Following from the link between Dredd and unchecked U.S. executive power, a general shift can be identified after 9/11 in the way a number of mainstream superhero comics engaged with public and foreign policy. Indeed, the Batman series Batman Incorporated, in which the Dark Knight establishes a global peacekeeping organization to tackle terrorist threats, can be read as a critique of the ongoing state of exception invoked in the war on terror (Comerford, 2015). Marvel’s multi-title Civil War series also gives a thinly veiled allegorical critique of the increasing security powers in the United States that deeply threaten principles of liberty (Sanchez, 2007). Captain America, in particular, has been the subject of critical analysis in relation to the moral crusade against evil, a fight that arguably stems from religious foundations, giving rise to a “zealous nationalism” of which the war on terror—its rhetoric and methods—is a problematic emanation (Jewett & Lawrence, 2004). And despite accusations that Bush’s rhetoric of good vs. evil was “comic bookish,” it has also been argued that comics actually engaged with the war on terror more critically, and meaningfully, than many political or intellectual responses at the time (Jenkins, 2006). Although political engagement in comics may not be new, the post-9/11 industry appears to have a renewed fervor to critique and question policy decisions in relation to the security/liberty anxieties common in contemporary Western society.

As these latter examples show, there is more than just a simple nostalgic retributivism at work in comics’ engagement with crime and justice. And beyond these examples, questions of race are also important in understanding the political dimensions of comics, as works such as Howard and Jackson (2013) indicate. Although, as we saw in the previous section, retributive vigilantism is commonly encountered in many popular comics series, such critical work argues that even mainstream superheroes can be read as undertaking a deeper questioning of justice and politics than the simple quest for vengeance that wide angled analyses and popular perceptions often see. And analyses of more explicitly critical work, such as Judge Dredd and Watchmen, shows how some works try to unpick dominant ideologies and question the nature of state power and the way we seek justice.

Comics and Criminology

In the previous sections we have seen, in very broad strokes, how crime and justice are interwoven with the history of the medium, as well as being ubiquitous concerns in contemporary comics. With the recent explosion of comics-based movies, notably from Marvel’s own film studio, and the increased visibility and popularity of so-called “geek culture” (note TV series such as The Big Bang Theory, the expansion of comics sections in high street bookstores, the countless “comic-cons” taking place around the world, and the omnipresent merchandise and branded clothing), comics are an important part of contemporary culture. The mainstream industry is obviously of particular relevance in the shaping, presentation, and negotiation of juridical and moral values. But this arguably indicates that, even beyond the mainstream genres, the medium itself strikes a certain resonance in its ability to encounter and negotiate criminal justice. Indeed, there is some work on crime and comics that engages with issues around epistemological questions of knowledge.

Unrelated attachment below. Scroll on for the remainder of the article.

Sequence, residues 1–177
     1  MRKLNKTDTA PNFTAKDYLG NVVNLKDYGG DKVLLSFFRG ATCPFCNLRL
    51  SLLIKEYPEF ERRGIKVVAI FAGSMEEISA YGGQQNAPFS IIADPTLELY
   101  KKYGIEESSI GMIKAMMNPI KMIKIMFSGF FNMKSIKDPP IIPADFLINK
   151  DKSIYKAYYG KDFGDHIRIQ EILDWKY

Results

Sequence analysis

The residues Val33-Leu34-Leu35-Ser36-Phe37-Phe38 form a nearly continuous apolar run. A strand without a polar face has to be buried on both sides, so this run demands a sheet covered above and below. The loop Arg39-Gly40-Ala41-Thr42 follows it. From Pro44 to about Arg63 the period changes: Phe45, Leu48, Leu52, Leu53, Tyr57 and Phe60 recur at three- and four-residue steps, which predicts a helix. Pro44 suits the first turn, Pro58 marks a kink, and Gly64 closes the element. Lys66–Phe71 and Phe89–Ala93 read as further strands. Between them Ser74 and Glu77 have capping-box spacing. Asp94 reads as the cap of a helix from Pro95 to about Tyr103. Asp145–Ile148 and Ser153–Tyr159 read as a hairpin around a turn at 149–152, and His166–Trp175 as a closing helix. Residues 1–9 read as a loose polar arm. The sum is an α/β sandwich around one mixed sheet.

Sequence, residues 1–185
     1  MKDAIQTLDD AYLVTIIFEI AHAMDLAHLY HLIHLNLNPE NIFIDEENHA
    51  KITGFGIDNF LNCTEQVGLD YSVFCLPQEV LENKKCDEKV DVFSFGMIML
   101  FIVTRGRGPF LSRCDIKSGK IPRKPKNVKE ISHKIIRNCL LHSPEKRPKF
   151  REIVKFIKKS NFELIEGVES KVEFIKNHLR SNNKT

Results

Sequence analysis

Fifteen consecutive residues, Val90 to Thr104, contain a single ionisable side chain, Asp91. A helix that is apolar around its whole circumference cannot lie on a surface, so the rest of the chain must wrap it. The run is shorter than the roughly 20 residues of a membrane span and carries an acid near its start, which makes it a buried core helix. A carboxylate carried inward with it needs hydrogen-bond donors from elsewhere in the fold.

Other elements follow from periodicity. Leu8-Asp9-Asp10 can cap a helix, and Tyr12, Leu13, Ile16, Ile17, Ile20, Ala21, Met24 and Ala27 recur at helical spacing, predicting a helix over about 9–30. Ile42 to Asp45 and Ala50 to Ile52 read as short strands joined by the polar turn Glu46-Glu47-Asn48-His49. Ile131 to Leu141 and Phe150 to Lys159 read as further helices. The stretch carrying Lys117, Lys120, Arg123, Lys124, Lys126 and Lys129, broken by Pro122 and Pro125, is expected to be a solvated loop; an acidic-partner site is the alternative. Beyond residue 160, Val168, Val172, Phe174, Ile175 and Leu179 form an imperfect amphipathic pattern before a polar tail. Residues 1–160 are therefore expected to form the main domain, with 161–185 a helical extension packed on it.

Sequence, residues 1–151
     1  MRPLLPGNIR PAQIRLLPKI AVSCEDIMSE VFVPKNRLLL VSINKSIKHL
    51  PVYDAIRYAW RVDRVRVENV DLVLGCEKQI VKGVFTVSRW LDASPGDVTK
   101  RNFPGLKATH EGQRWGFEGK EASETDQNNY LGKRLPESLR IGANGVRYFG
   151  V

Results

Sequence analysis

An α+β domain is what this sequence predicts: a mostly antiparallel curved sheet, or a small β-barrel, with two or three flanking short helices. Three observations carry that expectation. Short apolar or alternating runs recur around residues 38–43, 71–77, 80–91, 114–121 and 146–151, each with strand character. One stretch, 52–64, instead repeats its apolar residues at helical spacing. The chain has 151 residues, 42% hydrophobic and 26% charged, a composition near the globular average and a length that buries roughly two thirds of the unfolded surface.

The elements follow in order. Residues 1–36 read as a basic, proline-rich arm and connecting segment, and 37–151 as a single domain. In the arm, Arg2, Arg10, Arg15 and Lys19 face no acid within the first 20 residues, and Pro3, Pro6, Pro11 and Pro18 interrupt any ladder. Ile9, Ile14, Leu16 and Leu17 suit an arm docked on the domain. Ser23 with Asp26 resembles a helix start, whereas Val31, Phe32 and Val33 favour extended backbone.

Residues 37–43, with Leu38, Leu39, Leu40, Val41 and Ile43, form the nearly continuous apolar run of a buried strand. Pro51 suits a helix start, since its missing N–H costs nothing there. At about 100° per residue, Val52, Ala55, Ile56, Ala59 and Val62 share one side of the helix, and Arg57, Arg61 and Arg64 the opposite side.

In a speculative vein, the Image Comics series Chew can be read as a challenge to the typically visually oriented approach to criminal justice and forensic evidence (see Lam, 2012). Chew features Tony Chu, a “cibopath” who can receive psychic information through the ingestion of evidence, in a hypothetical world where the U.S. Food and Drug Administration (FDA), following pandemic scares of diseases such as bird flu, has expanded to have the widespread regulatory powers typically associated with crime and security. Chu, with his food-related evidence-gathering skills, is an asset for the FDA in the tackling of culinary crimes. The approach to criminal justice in Chew, moving away from the visual methods seen with the prioritizing of eyewitness (over taste- or nose-witness) testimony, the use of visual metaphors in legal and criminological discourse, and the study of the criminal body as a site of visual evidence in criminological history (e.g. Lombroso), imagines how justice might be approached through the mechanics of taste (Lam, 2012, pp. 157–161). In this way, it suggests a recognition of embodied knowledge that arguably challenges traditional modes of objectivity—since taste is intricately linked with the physical encounter with an object, whilst visuality is typically associated with requiring a certain distance from what is seen (Lam, 2012).